print p[X]

If needed, you can use class:

class Point:
def __init__(self, x=0, y=0):
self.x = x
self.y = y
 
p = Point()
print p.x

One could also simply instantiate a generic object and "monkeypatch" it:

class MyObject(object): pass
point = MyObject()
point.x, point.y = 0, 1
# objects directly instantiated from "object()" cannot be "monkey patched"
# however this can generally be done to it's subclasses

Dictionary[edit]

Mutable. Can add keys (attributes)

pseudo_object = {'x': 1, 'y': 2}


Named Tuples[edit]

As of Python 2.6 one can use the collections.namedtuple factory to create classes which associate field names with elements of a tuple. This allows one to perform all normal operations on the contained tuples (access by indices or slices, packing and unpacking) while also allowing elements to be accessed by name.

>>> from collections import namedtuple
>>> help(namedtuple)
Help on function namedtuple in module collections:
 
namedtuple(typename, field_names, verbose=False)
Returns a new subclass of tuple with named fields.
 
>>> Point = namedtuple('Point', 'x y')
>>> Point.__doc__ # docstring for the new class
'Point(x, y)'
>>> p = Point(11, y=22) # instantiate with positional args or keywords
>>> p[0] + p[1] # indexable like a plain tuple
33
>>> x, y = p # unpack like a regular tuple
>>> x, y
(11, 22)
>>> p.x + p.y # fields also accessable by name
33
>>> d = p._asdict() # convert to a dictionary
>>> d['x']
11
>>> Point(**d) # convert from a dictionary
Point(x=11, y=22)
>>> p._replace(x=100) # _replace() is like str.replace() but targets named fields
Point(x=100, y=22)
 
>>>

R[edit]

R uses the list data type for compound data.

mypoint <- list(x=3.4, y=6.7)
# $x
# [1] 3.4
# $y
# [1] 6.7
mypoint$x # 3.4
 
list(a=1:10, b="abc", c=runif(10), d=list(e=1L, f=TRUE))
# $a
# [1] 1 2 3 4 5 6 7 8 9 10
# $b
# [1] "abc"
# $c
# [1] 0.64862897 0.73669435 0.11138945 0.10408015 0.46843836 0.32351247
# [7] 0.20528914 0.78512472 0.06139691 0.76937113
# $d
# $d$e
# [1] 1
# $d$f
# [1] TRUE

Racket[edit]

The most common method uses structures (similar to records):

 
#lang racket
(struct point (x y))
 

Alternatively, you can define a class:

 
#lang racket
(define point% ; classes are suffixed with % by convention
(class object%
(super-new)
(init-field x y)))
 

REXX[edit]

x= -4.9
y= 1.7
 
point=x y
---or---
x= -4.1
y= 1/4e21
 
point=x y
 
bpoint=point
 
gpoint=5.6 7.3e-12

Ring[edit]

 
see new point {x=10 y=20} class point x y
 

Output

 
x: 10.000000
y: 20.000000
 

Ruby[edit]

Point = Struct.new(:x,:y)
pt = Point.new(6,7)
puts pt.x #=> 6
pt.y = 3
puts pt #=> #<struct Point x=6, y=3>
 
# The other way of accessing
pt = Point[2,3]
puts pt[:x] #=> 2
pt['y'] = 5
puts pt #=> #<struct Point x=2, y=5>
 
pt.each_pair{|member, value| puts "#{member} : #{value}"}
#=> x : 2
#=> y : 5

Rust[edit]

Structs[edit]

There are three kinds of structs in Rust, two of which would be suitable to represent a point.

C-like struct[edit]

 // Defines a generic struct where x and y can be of any type T
struct Point<T> {
x: T,
y: T,
}
fn main() {
let p = Point { x: 1.0, y: 2.5 }; // p is of type Point<f64>
println!("{}, {}", p.x, p.y);
}

Tuple struct[edit]

These are basically just named tuples.

struct Point<T>(T, T);
fn main() {
let p = Point(1.0, 2.5);
println!("{},{}", p.0, p.1);
}

Tuples[edit]

 fn main() {
let p = (0.0, 2.4);
println!("{},{}", p.0, p.1);
}

Scala[edit]

case class Point(x:Int=0, y:Int=0)
 
val p=Point(1,2)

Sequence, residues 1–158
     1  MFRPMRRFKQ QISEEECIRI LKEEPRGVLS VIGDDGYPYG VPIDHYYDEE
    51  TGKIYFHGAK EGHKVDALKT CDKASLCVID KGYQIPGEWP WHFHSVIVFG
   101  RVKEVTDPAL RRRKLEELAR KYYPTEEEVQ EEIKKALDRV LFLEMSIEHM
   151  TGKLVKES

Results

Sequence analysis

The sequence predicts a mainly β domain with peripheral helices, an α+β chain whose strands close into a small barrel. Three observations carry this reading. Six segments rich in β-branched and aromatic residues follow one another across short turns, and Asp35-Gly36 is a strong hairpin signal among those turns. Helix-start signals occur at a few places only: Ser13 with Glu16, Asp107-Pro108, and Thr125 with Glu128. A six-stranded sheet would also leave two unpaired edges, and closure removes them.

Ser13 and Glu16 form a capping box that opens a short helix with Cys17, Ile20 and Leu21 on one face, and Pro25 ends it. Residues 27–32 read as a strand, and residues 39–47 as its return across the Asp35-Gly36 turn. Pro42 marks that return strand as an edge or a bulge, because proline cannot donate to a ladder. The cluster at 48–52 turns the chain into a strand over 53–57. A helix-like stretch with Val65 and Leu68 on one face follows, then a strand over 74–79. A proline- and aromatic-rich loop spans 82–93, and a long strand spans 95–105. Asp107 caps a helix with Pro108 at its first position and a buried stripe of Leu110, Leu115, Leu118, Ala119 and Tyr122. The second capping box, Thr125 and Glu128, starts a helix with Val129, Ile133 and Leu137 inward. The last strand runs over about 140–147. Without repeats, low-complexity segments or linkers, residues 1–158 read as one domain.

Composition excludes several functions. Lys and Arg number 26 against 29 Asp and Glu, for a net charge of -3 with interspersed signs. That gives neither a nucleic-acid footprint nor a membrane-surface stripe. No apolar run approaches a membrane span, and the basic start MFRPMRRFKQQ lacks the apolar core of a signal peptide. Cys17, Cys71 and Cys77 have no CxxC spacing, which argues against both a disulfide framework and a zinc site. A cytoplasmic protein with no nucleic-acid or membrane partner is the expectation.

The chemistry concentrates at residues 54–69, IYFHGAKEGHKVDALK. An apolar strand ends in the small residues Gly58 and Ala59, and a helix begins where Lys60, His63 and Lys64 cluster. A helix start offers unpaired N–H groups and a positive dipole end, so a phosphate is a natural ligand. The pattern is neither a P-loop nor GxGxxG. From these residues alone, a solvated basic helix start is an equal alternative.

println(p.y) //=> 2

Scheme[edit]

Using SRFI 9:

(define-record-type point
(make-point x y)
point?
(x point-x)
(y point-y))

Seed7[edit]

const type: Point is new struct
var integer: x is 0;
var integer: y is 0;
end struct;

Shen[edit]

(datatype point
X : number; Y : number;
====================
[point X Y] : point;)

Pairs (distinct from cons cells) are also supported, in which case a point would be denoted by (number * number):

(2+) (@p 1 2)
(@p 1 2) : (number * number)

Sidef[edit]

struct Point {x, y};
var point = Point(1, 2);
say point.y; #=> 2

SIMPOL[edit]

The point type is pre-defined in [SIMPOL], so we will call this mypoint.

type mypoint
embed
integer x
integer y
end type

The embed keyword is used here as a toggle to indicate that all following properties are embedded in the type. The other toggle is reference, which only places a reference to an object in the type, but the reference assigned before the property can be used. These keywords can also be placed on the same line, but then they only apply to that line of the type definition.

A type in [SIMPOL] can be just a container of values and other structures, but it can also include methods. These are implemented outside the type definition, but must be part of the same compiled unit.

type mypoint
embed
integer x
integer y
end type
 
function mypoint.new(mypoint me, integer x, integer y)
me.x = x
me.y = y
end function me

SNOBOL4[edit]

	data('point(x,y)')
p1 = point(10,20)
p2 = point(10,40)
output = "Point 1 (" x(p1) "," y(p1) ")"
output = "Point 2 (" x(p2) "," y(p2) ")"
end

Standard ML[edit]

Algebraic Data Type[edit]

See algebraic data type. The different options ("Empty", "Leaf", "Node") are called constructors, and is associated with 0 or 1 arguments with the declared types; multiple arguments are handled with tuples.

datatype tree = Empty
| Leaf of int
| Node of tree * tree
 
val t1 = Node (Leaf 1, Node (Leaf 2, Leaf 3))

Tuple Type[edit]

You can make a tuple literal by using a comma-delimited list surrounded by parentheses, without needing to declare the type first:

val p = (2,3)

The type of p is a product (indicated by *) of the types of the components:

- val p = (2,3);
val p = (2,3) : int * int

You can extract elements of the tuple using the #N syntax:

- #2 p;
val it = 3 : int

The #2 above extracts the second field of its argument.

Record Type[edit]

Records are like tuples but with field names.

You can make a record literal by using a comma-delimited list of key = value pairs surrounded by curly braces, without needing to declare the type first:

val p = { x = 4, y = 5 }